“Sometimes when you cannot decide what to do, you pretend you are a character in a book, because it is easier to decide what they would do”

My Thoughts:

Ok, now that I have finally finished the whole series, I can reflect back on how I felt going into it. I was honestly not expecting to love it this much. I had watched a few episodes of the Shadowhunter series on Freeform with my daughter and I honestly thought it looked super cheesy. However, I was complete attracted to the Victorian aesthetic and so many people had recommended it. So, I thought at the most it would be a fun fantasy. It was fun, there is tons of action, humor, and romance, but I did not expect to be so moved by these characters and to fall so in love with Cassandra Clare’s writing. She has not only managed to craft a beautiful love story between these characters, but she has thoroughly paid homage to the Victorian era and its literature. Below were some high points for me:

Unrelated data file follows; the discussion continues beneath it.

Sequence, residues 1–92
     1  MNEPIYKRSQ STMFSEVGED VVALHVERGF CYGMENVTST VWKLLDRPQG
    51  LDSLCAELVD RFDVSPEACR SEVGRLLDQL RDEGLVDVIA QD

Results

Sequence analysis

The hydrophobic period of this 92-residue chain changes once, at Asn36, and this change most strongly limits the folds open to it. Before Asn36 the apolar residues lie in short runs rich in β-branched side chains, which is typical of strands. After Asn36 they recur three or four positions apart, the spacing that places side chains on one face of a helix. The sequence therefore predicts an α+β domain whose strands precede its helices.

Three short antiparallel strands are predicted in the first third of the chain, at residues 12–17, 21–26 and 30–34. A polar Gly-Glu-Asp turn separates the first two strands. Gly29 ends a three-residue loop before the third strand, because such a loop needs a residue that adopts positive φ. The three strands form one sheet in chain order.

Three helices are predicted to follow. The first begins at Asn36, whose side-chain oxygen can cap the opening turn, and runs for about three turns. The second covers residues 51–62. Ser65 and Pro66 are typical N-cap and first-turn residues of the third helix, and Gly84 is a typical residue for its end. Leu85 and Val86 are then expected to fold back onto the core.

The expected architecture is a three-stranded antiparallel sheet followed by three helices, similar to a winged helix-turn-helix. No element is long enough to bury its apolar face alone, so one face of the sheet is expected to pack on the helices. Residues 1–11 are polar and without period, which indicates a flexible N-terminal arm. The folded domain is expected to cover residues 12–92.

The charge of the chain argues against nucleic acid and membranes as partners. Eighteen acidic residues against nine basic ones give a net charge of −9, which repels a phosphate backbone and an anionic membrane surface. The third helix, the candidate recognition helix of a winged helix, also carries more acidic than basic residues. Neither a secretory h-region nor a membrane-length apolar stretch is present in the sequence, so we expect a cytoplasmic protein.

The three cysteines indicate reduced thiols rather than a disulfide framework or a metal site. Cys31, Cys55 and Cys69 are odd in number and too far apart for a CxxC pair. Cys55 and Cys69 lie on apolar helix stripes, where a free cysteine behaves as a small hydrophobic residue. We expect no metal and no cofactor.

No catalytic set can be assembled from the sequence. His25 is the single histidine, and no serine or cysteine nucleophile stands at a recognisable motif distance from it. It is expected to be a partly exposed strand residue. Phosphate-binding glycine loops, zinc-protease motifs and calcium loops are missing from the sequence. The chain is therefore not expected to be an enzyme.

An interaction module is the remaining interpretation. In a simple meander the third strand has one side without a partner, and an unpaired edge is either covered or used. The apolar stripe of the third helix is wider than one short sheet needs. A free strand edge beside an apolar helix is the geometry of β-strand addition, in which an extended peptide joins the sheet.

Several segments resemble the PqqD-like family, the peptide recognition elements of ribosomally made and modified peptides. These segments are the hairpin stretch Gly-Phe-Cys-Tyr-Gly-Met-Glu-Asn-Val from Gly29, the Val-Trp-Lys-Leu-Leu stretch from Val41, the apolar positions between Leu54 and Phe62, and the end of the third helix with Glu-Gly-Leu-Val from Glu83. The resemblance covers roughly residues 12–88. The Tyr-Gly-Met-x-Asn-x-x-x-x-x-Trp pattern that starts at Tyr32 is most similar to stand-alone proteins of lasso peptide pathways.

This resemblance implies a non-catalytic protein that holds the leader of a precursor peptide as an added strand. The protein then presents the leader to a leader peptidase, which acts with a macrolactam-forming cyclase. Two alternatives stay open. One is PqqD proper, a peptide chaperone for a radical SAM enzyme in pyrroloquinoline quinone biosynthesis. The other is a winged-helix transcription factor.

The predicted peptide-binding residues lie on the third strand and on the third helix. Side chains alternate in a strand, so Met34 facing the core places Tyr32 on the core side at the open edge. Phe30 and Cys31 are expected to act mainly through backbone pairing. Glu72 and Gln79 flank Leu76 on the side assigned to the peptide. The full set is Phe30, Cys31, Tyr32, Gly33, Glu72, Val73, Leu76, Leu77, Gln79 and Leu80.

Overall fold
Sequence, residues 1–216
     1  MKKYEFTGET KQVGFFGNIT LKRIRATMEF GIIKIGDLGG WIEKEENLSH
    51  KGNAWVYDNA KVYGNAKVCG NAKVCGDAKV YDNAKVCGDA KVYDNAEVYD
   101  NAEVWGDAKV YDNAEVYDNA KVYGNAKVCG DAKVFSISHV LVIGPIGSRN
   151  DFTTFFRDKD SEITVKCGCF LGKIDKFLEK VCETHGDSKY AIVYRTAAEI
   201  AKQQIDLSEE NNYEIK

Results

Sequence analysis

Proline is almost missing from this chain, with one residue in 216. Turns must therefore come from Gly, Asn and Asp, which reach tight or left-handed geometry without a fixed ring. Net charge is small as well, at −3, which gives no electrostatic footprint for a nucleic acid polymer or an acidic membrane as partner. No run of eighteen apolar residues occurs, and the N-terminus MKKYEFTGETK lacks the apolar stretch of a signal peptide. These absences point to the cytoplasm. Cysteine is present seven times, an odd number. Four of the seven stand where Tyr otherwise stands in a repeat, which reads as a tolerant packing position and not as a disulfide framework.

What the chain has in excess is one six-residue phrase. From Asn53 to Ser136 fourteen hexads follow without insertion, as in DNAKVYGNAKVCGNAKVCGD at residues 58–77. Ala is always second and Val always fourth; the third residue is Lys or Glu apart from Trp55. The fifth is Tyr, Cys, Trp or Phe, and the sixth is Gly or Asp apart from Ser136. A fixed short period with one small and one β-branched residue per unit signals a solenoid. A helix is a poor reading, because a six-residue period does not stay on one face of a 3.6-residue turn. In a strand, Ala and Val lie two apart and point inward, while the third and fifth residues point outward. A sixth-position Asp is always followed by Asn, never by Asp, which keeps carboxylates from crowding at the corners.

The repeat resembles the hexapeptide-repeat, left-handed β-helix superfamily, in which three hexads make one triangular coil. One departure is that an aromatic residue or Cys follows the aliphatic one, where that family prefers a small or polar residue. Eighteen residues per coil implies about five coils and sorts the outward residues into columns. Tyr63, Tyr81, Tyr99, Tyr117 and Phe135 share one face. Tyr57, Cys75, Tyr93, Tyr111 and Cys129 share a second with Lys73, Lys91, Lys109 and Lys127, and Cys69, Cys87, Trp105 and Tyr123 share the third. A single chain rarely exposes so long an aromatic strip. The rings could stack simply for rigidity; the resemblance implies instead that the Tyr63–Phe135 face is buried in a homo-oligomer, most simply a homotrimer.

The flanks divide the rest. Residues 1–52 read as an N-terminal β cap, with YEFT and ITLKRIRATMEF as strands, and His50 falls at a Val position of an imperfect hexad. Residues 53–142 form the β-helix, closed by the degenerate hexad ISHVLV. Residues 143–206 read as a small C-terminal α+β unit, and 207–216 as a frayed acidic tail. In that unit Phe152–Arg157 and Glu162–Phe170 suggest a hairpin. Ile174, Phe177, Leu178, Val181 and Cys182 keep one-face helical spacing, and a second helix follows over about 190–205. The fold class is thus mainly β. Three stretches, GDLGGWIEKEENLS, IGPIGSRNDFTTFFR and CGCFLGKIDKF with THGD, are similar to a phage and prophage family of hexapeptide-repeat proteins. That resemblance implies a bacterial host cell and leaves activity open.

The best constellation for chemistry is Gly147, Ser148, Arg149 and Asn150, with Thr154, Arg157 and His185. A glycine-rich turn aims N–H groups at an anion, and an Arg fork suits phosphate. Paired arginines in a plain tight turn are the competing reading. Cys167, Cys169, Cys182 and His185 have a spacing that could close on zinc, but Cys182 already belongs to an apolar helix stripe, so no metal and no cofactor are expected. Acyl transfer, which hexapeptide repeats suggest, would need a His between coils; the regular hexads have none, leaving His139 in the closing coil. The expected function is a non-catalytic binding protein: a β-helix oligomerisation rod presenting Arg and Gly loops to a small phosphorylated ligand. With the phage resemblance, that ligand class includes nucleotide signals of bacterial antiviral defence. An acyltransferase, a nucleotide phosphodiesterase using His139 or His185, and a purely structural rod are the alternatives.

• My favorite thing about the final book in the series was way that Clare was able to clearly express the bond between Will, Jem, and Tessa, and the love they have for each other.

“They say you cannot love two people equally at once,” she said. “And perhaps for others that is so. But you and Will—you are not like two ordinary people, two people who might have been jealous of each other, or who would have imagined my love for one of them diminished by my love of the other. You merged your souls when you were both children. I could not have loved Will so much if I had not loved you as well. And I could not love you as I do if I had not loved Will as I did.”

  • Clare is also so good with plot! Sometimes with fantasy the epicness of the plot can overshadow what is going on with the characters. Here, the dangers which the characters were up against (Mormain, the automatons, ect), mirrored their own internal struggles, questions, and shortcomings. Everything just melded together so well.
  • I know I mentioned this in my Clockwork Angel review, but I just love the way Clare was able to make the novels feel so Victorian. This consistently kept me immersed in that era as I read.
  • The parabatai connection between Will and Jem was so beautiful described in this book- the rune, the knife, glimpses of the ritual- I loved this element of their bond and the way Clare made it feel so scared and otherworldly.
  • There are so many great minor characters here:

Magnus Bane – his need to protect Will and his desire to find true love despite his impossibly long and tedious existence